This post is a work in progress…
Getting good audio with the Sony FX6
Having the two XLR inputs on the handle, which can do phantom power makes rigging the FX6 for good audio easy. I have focused on some of the audio solutions I have worked with. I like Azdens mid-range line of shotguns and also some of the Sony solutions.
Azden shotgun microphones
Personally I’m a big fan of Azden mics. Especially the SGM-250 line. The price seems right for my budget and they offer the mics in different versions.
The SGM-250CX is a short length, condenser shotgun microphone that is ideal for mounting on compact digital cinema cameras, as well as DSLR and mirrorless cameras equipped with XLR adapters. Measuring at a mere 6 inches in length, the SGM-250CX can easily stay out of the way. Integrated in the microphone’s design is a hardwired, 13-inch XLR cable for convenient connection to camera microphone inputs. The microphone’s highly sensitive, condenser element is powered by standard 48 V phantom power, which most XLR microphone inputs can provide.
I you want a step up from the SGM-250CX the regular SGM-250 is a good choice. It will also save your FX6 battery a little power since it can be powered by an internal AA battery.
The Azden SGM-250 is a Supercardioid polar pattern shotgun microphone that can be powered via one AA battery or phantom power for use with DSLR/mirrorless cameras (with an XLR to 3.5mm adapter cable) and professional cameras or recorders (with an XLR cable). Specifically tuned to preserve the natural qualities of a speaking subject, the mic provides video creators with a cost-effective solution for mobile journalism, run & gun, and documentary applications.
The Sony XLR-K3M is a dual-channel digital XLR audio adapter that allows you to connect microphones and other audio sources to cameras equipped with a Multi Interface Shoe. Released alongside the a7R IV, which benefits from its built-in digital audio interface, the adapter is able to produce its best quality by delivering a digital audio stream directly to the camera through the Multi Interface Shoe. Other Sony cameras with the standard MI Shoe can still make use of the microphone as there is a selectable digital/analog output.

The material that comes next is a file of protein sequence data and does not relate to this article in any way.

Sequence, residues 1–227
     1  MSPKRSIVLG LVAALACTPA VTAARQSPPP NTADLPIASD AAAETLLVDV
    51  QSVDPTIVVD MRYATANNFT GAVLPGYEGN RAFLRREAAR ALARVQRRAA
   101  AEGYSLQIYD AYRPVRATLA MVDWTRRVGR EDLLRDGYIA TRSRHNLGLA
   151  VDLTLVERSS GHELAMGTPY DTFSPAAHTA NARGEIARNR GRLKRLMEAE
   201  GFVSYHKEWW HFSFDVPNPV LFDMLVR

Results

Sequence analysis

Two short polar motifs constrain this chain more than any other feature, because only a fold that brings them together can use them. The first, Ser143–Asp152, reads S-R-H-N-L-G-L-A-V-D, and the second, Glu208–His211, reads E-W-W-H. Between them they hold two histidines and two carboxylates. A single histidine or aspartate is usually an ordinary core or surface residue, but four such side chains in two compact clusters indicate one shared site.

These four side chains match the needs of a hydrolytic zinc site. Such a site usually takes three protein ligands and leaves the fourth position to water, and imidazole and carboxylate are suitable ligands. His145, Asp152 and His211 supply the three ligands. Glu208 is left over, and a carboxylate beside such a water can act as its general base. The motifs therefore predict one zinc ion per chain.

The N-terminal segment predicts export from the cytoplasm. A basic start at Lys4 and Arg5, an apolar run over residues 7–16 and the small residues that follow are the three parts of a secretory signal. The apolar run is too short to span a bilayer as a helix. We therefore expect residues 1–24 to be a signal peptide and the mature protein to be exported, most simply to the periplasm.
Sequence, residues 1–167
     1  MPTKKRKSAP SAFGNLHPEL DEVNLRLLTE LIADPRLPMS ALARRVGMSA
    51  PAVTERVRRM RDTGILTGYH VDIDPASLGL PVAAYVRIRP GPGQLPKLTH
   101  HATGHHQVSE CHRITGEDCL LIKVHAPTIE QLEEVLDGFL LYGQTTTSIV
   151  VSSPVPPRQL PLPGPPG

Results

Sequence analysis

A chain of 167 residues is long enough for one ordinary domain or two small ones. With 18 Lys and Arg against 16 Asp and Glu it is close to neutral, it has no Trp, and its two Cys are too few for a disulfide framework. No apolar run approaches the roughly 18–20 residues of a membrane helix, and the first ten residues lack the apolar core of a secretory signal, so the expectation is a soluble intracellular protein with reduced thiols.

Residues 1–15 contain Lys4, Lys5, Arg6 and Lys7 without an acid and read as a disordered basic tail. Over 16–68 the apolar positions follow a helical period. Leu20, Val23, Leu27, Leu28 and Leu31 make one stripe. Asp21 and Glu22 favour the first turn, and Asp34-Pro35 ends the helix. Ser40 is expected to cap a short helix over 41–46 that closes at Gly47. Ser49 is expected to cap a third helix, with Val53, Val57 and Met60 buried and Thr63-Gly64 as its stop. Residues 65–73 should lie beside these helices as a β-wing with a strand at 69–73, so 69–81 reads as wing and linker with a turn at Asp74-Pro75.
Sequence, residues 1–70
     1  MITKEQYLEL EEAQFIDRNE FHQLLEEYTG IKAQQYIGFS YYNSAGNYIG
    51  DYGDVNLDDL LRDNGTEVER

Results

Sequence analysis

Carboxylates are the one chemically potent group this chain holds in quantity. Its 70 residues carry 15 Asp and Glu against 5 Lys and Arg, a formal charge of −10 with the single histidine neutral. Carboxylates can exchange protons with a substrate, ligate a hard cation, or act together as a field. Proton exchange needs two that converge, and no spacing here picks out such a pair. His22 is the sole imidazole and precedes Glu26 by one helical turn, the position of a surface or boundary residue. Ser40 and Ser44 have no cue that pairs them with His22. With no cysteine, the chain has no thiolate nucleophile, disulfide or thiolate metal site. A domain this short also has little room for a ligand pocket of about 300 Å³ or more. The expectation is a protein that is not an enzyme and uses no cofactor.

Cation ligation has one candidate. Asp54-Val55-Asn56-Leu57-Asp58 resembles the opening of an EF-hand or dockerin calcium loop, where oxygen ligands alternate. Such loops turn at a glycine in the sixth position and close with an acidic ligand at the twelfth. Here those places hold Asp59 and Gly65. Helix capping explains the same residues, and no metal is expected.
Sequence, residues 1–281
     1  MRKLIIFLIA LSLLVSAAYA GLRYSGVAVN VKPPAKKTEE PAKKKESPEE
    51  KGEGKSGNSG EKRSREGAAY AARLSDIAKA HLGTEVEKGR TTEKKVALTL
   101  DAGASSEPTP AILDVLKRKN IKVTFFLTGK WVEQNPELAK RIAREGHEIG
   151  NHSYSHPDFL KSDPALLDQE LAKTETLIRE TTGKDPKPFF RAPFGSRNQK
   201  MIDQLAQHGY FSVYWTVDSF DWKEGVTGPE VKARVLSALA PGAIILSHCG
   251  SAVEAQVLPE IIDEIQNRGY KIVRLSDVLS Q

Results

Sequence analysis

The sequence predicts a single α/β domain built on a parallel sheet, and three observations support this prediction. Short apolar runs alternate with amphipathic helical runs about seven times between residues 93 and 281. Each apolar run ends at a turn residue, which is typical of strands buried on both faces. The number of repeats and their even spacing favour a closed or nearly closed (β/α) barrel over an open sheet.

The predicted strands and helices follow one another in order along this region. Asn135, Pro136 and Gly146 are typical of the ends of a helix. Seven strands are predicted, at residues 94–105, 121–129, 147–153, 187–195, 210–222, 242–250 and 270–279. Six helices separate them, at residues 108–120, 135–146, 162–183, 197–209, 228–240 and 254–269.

The XLR-K3M features two XLR-1/4″ combo mic/line inputs with 48V phantom power, and a 3.5mm stereo input with plug-in power, all with individual level controls. Intuitive controls make the adapter easy to use right out of the box. An ECM-XM1 shotgun is included in the kit. Personally I am not a fan of having the K3M on top of the camera. It seems fragile and adds bulk to the camera, especially in a run-n-gun situation. But if you need additional inputs it can be a good solution.
The Sony XLR-K1M will work with the FX6, how ever it will only give you analog audio. Good to know especially if you have one around from an earlier FS7 or alpha 7 setup.
The kit features an ECM-XM1 shotgun microphone and an XLR-A1M adapter, allowing connection of your camera to professional-level microphones, mixing consoles and sound studios. The adapter features two XLR channels with separate controls, providing recording level adjustment, attenuation and wind noise reduction. Mic/Line input switching for each channel is also provided to simplify post-shooting editing.
The Sony UWP D21 kit will work with the FX6, either via XLR or via the optional SMAD 5 adapter for the MI-shoe, which will feed the audio in digital. You can also use the Sony UWP-P03D dual receiver with either XLR or Smad-P3D adapter for the MI-shoe. The P03D is analog though, but the only solution for dual audio. The P03D is the solution which I have and it works great. Rumors says that Sony is working on a digital dual receiver… fingers crossed!
If you really wan’t to go all in with location sound then Sound Devices Mixpre II offers an affordable price and some great features, including Internal LTC timecode generator, awesome ultra-low-noise Kashmir microphone preamps and several powering options. You can feed audio out to Your FX6 or record with the internal microphone to have something to sync with in post.
Work in progress…
I will keep adding to this blogpost as I go along with the Sony FX6. So come back once in a while. If you have any tips you think I should include, please use the contact form below. Thanks in advance.